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Transfiguration Sunday – Year C
February 07, 2016
The story of the Transfiguration in the gospel of Luke is one of the most puzzling stories in the Bible. It is a story that is so puzzling that biblical commentators tend to throw up their hands in defeat. One commentator remarked that there is “rather limited success in understanding the meaning of the transfiguration.” This is a comment I find somewhat comforting!
The story itself is brief in the gospel of Luke. We are told that about eight days after Jesus spoke to his disciples about his impending death and resurrection, he went with Peter and John and James up the mountain to pray. While he was praying–and while the three disciples were struggling to stay awake–suddenly Jesus had company. Moses and Elijah were there with him, and the whole appearance of Jesus changed into dazzling brilliance. As the disciples looked on in amazement–surely, fully awake now–Jesus and Moses and Elijah discussed together what was about to unfold in Jerusalem, the very events that Jesus had foretold just a week earlier. Peter wanted desperately to hang on to this holy moment, and so he boldly suggested that small dwellings be quickly built. But, instead, a thick cloud engulfed the mountain and the voice of God spoke out of the cloud–this is the second time in the gospel of Luke that God spoke from heaven–at Jesus’ baptism and now again, on this mountain. When the cloud lifted, Jesus and Peter and James and John were the only ones left. They descended the mountain in silence; the three disciples probably not knowing what to say and Jesus, perhaps, deep in thought about the conversation and about the voice.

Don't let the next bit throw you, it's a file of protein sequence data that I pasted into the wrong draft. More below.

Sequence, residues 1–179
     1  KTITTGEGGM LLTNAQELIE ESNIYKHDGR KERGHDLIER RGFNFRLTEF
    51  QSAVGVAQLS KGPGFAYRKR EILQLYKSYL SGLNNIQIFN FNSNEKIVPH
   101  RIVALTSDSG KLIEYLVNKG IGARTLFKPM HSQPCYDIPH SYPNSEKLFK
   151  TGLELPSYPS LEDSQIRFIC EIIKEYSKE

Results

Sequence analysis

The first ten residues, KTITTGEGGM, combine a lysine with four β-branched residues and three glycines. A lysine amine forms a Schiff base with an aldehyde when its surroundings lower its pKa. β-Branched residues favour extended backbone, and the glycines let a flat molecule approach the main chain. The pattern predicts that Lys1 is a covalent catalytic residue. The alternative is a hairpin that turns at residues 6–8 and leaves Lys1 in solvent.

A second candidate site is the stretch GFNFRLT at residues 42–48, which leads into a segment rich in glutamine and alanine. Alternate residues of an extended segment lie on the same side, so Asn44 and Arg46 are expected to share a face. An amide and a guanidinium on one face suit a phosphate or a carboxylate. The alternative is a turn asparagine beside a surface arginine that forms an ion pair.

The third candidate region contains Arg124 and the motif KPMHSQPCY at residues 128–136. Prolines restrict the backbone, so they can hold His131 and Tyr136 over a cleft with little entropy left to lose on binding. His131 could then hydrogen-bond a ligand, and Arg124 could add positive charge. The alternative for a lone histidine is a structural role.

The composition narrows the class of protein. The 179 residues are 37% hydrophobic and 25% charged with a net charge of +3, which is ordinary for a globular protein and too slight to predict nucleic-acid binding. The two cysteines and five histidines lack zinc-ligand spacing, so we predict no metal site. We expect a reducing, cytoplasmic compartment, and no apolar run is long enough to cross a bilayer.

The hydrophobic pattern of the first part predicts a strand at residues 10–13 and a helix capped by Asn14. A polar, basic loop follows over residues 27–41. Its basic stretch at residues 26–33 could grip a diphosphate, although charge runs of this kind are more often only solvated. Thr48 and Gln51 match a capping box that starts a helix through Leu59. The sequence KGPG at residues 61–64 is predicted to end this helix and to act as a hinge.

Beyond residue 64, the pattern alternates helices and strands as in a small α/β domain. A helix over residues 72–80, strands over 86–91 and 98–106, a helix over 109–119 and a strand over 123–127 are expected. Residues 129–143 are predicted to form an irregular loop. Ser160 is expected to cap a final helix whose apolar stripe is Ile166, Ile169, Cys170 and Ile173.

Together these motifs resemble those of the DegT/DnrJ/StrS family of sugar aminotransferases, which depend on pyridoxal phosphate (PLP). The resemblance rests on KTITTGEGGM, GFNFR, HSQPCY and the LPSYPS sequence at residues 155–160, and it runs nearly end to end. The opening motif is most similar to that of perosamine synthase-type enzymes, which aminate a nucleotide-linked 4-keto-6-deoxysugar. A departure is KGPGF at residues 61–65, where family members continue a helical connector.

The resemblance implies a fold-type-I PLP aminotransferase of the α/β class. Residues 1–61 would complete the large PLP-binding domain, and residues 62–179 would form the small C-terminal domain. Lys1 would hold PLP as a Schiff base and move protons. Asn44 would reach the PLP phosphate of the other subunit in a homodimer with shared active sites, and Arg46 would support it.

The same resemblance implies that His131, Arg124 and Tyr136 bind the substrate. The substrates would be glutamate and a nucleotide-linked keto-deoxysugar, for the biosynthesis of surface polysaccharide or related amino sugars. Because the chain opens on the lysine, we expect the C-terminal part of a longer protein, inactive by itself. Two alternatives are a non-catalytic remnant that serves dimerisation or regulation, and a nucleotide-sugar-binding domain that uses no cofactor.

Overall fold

That is the basic outline of this story. On the surface, its meaning is not so clear. The details of the narrative wander off in a number of directions. Nothing is explained. Jesus does not unpack the experience with his disciples on the way down the mountain. They–and we–are left baffled.
Except, there is one thing that is clear–what is really clear–is that this story speaks consistently and compellingly about the glory of Jesus Christ. It is a glory story.
It turns out that many of the puzzling details of this story serve that central insight, that this is a glory story. And it yields its treasures to patient and careful readers. These treasures deepen our understanding of the story, and they all point to one main character and one main meaning: Jesus Christ and his glory that once shone on a distant mountain top. And as we explore the story, we get to peek over a rock ledge on the side of that mountain and look on in awe.